The life of Sun is portrayed in various films, mainly The Soong Sisters and Road to Dawn. A fictionalized assassination attempt on his life was featured in Bodyguards and Assassins. He is also portrayed during his struggle to overthrow the Qing dynasty in Once Upon a Time in China II. The TV series Towards the Republic features Ma Shaohua as Sun Yat-sen. In the 100th anniversary tribute of the film 1911, Winston Chao played Sun. In Space: Above and Beyond, one of the starships of the China Navy is named the Sun Yat-sen.
Tongmenghui member Song Jiaoren quickly tried to control the parliament. He mobilized the old Tongmenghui at the core with the merger of a number of new small parties to form a new political party called the Kuomintang (Chinese nationalist party, commonly abbreviated as "KMT") on 25 August 1912 at Huguang Guild Hall Beijing. The 1912–1913 National assembly election was considered a huge success for the KMT winning 269 of the 596 seats in the lower house and 123 of the 274 senate seats. The Second Revolution took place where Sun and KMT military forces tried to overthrow Yuan's forces of about 80,000 men in an armed conflict in July 1913. The revolt against Yuan was unsuccessful. Sun was forced to seek asylum in Japan with Politician and industrialist Fusanosuke Kuhara. In retaliation the national party leader Song Jiaoren was assassinated, almost certainly by a secret order of Yuan, on 20 March 1913.
On 25 October 1915 in Japan, Sun married Soong Ching-ling, one of the Soong sisters, Soong Ching-Ling's father was the American-educated Methodist minister Charles Soong, who made a fortune in banking and in printing of Bibles. Although Charles Soong had been a personal friend of Sun's, he was enraged when Sun announced his intention to marry Ching-ling because while Sun was a Christian he kept two wives, Lu Muzhen and Kaoru Otsuki; Soong viewed Sun's actions as running directly against their shared religion.
China had become divided between different military Leaders without a proper central government. Sun saw the danger of this and returned to China in 1917 to advocate Chinese reunification. In 1921 he started a self-proclaimed military government in Guangzhou and was elected Grand Marshal. Between 1912 and 1927 three governments had been set up in South China: the Provisional government in Nanjing (1912), the Military government in Guangzhou (1921–1925), and the National government in Guangzhou and later Wuhan (1925–1927). The southern separatist government in the South was established to rival the Beiyang government in the north. Yuan Shikai had banned the KMT. The short lived Chinese Revolutionary Party was a temporary replacement for the KMT. On 10 October 1919 Sun resurrected the KMT with the new name Chung-kuo Kuomintang (simplified Chinese: 中国国民党; traditional Chinese: 中國國民黨; pinyin: Zhōngguó guómíndǎng), or the "Nationalist Party of China".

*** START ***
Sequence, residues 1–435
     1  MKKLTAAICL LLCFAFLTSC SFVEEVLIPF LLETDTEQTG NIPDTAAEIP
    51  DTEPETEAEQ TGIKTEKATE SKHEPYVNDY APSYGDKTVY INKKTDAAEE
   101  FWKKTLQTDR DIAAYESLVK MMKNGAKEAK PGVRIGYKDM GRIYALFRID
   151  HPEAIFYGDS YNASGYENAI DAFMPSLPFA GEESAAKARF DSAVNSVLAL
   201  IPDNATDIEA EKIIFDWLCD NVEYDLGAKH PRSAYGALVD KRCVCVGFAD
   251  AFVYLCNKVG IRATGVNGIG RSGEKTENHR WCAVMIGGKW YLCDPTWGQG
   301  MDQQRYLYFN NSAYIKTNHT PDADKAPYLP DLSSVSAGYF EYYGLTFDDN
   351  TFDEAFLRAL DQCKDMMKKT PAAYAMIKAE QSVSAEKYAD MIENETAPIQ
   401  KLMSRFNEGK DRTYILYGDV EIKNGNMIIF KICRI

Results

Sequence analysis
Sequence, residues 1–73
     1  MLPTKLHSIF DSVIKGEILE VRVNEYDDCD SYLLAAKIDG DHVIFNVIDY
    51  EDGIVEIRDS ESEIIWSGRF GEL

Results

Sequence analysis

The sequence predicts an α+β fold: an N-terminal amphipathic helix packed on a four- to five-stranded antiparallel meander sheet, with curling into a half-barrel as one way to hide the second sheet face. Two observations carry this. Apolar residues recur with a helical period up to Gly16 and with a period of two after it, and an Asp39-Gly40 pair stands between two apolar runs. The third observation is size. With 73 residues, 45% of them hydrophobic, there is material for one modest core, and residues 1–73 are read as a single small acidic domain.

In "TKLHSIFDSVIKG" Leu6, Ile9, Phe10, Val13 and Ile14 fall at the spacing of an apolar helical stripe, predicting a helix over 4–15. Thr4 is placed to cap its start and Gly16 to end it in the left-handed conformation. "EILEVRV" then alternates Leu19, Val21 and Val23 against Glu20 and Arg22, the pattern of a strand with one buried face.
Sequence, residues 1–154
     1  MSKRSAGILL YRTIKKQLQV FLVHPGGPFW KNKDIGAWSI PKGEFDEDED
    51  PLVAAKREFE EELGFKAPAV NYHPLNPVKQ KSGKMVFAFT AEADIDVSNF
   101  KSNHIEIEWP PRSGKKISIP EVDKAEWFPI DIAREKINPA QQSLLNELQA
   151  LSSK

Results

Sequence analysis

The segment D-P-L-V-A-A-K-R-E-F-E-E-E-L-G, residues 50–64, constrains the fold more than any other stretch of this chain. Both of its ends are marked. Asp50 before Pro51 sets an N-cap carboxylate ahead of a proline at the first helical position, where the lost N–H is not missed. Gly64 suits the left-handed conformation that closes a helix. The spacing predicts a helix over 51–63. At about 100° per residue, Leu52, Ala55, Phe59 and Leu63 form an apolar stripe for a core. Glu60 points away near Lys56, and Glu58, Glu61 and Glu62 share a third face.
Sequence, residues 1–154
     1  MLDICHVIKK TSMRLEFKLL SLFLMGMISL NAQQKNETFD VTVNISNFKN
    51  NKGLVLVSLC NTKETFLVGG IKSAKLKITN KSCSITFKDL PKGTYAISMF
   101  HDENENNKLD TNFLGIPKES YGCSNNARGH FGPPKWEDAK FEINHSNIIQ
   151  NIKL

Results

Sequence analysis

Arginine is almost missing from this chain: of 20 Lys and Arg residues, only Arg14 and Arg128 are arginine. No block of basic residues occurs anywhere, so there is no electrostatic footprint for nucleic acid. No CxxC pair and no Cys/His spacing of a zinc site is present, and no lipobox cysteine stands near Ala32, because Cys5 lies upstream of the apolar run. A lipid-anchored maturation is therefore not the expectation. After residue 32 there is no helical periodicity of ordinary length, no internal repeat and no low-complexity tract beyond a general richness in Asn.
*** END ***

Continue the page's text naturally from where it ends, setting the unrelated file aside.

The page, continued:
In February 1923 Sun made a presentation to the Students' Union in Hong Kong University and declared that it was the corruption of China and the peace, order and good government of Hong Kong that turned him into a revolutionary. This same year, he delivered a speech in which he proclaimed his Three Principles of the People as the foundation of the country and the Five-Yuan Constitution as the guideline for the political system and bureaucracy. Part of the speech was made into the National Anthem of the Republic of China.
On 10 November 1924, Sun traveled north to Tianjin and delivered a speech to suggest a gathering for a "national conference" for the Chinese people. It called for the end of warlord rules and the abolition of all unequal treaties with the Western powers. Two days later, he traveled to Beijing to discuss the Future of the country, despite his deteriorating health and the ongoing civil war of the Warlords. Among the people he met was the Muslim General Ma Fuxiang, who informed Sun that they would welcome his leadership. On 28 November 1924 Sun traveled to Japan and gave a speech on Pan-Asianism at Kobe, Japan.
For many years, it was popularly believed that Sun died of liver cancer. On 26 January 1925, Sun underwent an exploratory laparotomy at Peking Union Medical College Hospital (PUMCH) to investigate a long-term illness. This was performed by the head of the Department of Surgery, Adrian S. Taylor, who stated that the procedure "revealed extensive involvement of the liver by carcinoma" and that Sun only had about ten days to live. Sun was hospitalized and his condition was treated with radium. Sun survived the initial ten-day period and on 18 February, against the advice of doctors, he was transferred to the KMT headquarters and treated with traditional Chinese Medicine. This too was unsuccessful and he died on 12 March at the age of 58. Contemporary reports in The New York Times, Time, and the Chinese newspaper Qun Qiang Bao all reported the cause of death as liver cancer, based on Taylor's observation.
The Kuomintang's constitution designated Sun as party President. After his death, the Kuomintang opted to keep that language in its constitution to honor his memory forever. The party has since been headed by a director-general (1927–1975) and a chairman (since 1975), which discharge the functions of the President.
In 1926, construction began on a majestic mausoleum at the foot of Purple Mountain in Nanjing, and this was completed in the spring of 1929. On 1 June 1929, Sun's remains were moved from Beijing and interred in the Sun Yat-sen Mausoleum.